The historical experience of travel fascinates a wide audience. Scholars, authors of historical fiction, tabletop game designers, and curious readers or players pose similar questions, such as how far could I go? How much would it cost me? How would I know where to journey next? At the heart of these questions sits a foundational inquiry for the humanities: what does it mean to navigate space without scientific cartography, never mind GPS? Answers remain elusive even to advanced scholars, often further stymied by the lack of analysis-ready spatial data for the premodern world.
The Early Modern Digital Itineraries (EmDigIt) Project advances new collaborative and data-driven approaches to premodern travel. We will be hosting three virtual workshops over the course of October 2023-June 2024 as well as an in-person conference in the Washington D.C. Area in August 2024. These events will bring together the expert advisory board and diverse cohort of participants working at the crossroads of premodern travel and digital, spatial humanities. Workshop participants and board members will collaborate on original research, culminating in a conference and white paper providing a state-of-the-field of digital, premodern spatial history. Participant feedback and research contributions will lay the groundwork for the future development of an EmDigIt Project web platform.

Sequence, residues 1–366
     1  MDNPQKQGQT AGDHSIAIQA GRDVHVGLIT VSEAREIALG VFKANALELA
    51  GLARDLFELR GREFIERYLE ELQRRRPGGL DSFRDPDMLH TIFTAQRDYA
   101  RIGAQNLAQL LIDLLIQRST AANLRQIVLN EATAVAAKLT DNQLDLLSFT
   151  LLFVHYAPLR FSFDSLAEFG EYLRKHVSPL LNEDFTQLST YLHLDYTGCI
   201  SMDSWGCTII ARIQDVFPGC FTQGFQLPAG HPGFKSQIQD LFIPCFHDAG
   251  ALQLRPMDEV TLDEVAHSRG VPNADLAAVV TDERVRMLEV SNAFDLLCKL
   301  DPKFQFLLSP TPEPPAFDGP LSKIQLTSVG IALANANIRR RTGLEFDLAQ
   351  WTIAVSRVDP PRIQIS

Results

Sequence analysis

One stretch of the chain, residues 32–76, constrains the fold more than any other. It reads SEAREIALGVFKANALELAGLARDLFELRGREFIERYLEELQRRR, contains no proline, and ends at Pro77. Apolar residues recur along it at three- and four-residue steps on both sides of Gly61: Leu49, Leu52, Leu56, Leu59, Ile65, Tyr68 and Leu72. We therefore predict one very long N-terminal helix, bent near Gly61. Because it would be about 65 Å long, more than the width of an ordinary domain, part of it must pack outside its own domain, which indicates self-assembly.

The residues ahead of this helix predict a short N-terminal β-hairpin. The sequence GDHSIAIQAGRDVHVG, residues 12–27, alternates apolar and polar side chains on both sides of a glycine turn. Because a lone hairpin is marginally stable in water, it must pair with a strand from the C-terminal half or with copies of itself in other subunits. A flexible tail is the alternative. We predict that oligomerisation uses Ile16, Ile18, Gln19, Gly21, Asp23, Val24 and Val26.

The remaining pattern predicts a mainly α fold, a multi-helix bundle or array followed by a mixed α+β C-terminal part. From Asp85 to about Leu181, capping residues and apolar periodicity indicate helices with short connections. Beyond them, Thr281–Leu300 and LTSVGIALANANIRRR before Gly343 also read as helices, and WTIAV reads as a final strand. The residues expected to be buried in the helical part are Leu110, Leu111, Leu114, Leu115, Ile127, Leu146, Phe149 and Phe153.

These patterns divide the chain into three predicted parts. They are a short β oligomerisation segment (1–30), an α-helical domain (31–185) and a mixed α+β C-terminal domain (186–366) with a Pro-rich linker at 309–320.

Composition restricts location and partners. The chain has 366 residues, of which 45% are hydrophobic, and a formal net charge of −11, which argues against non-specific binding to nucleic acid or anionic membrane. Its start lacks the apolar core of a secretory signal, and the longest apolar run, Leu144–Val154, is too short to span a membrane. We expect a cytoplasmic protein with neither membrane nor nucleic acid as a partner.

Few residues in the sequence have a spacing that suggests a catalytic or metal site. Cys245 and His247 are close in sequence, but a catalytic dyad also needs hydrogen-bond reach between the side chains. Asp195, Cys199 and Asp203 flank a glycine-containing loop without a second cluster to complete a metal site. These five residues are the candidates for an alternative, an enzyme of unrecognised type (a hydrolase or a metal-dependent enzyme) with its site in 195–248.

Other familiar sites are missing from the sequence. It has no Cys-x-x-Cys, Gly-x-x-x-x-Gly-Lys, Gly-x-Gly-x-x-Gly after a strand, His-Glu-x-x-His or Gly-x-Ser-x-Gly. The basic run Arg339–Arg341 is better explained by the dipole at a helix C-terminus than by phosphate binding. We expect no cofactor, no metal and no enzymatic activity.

In short, project goals will be the following:
- Establish a network among researchers, data specialists, and digital humanists at various career stages and institutions researching premodern digital, spatial history.
- Familiarize participants with the EmDigIt database and use participant feedback to iteratively improve the project workflow, data, and eventual web platform development.
- Troubleshoot linking digital, spatial data across existing resources such as the World Historical Gazetteer as well as the many other DH projects with which participants and advisory board members are affiliated.
- Pursue early test cases of how EmDigIt data and future web platform could best support exploration, visualization, and analysis in original research.
The call for applications has closed, but watch this site for future opportunities!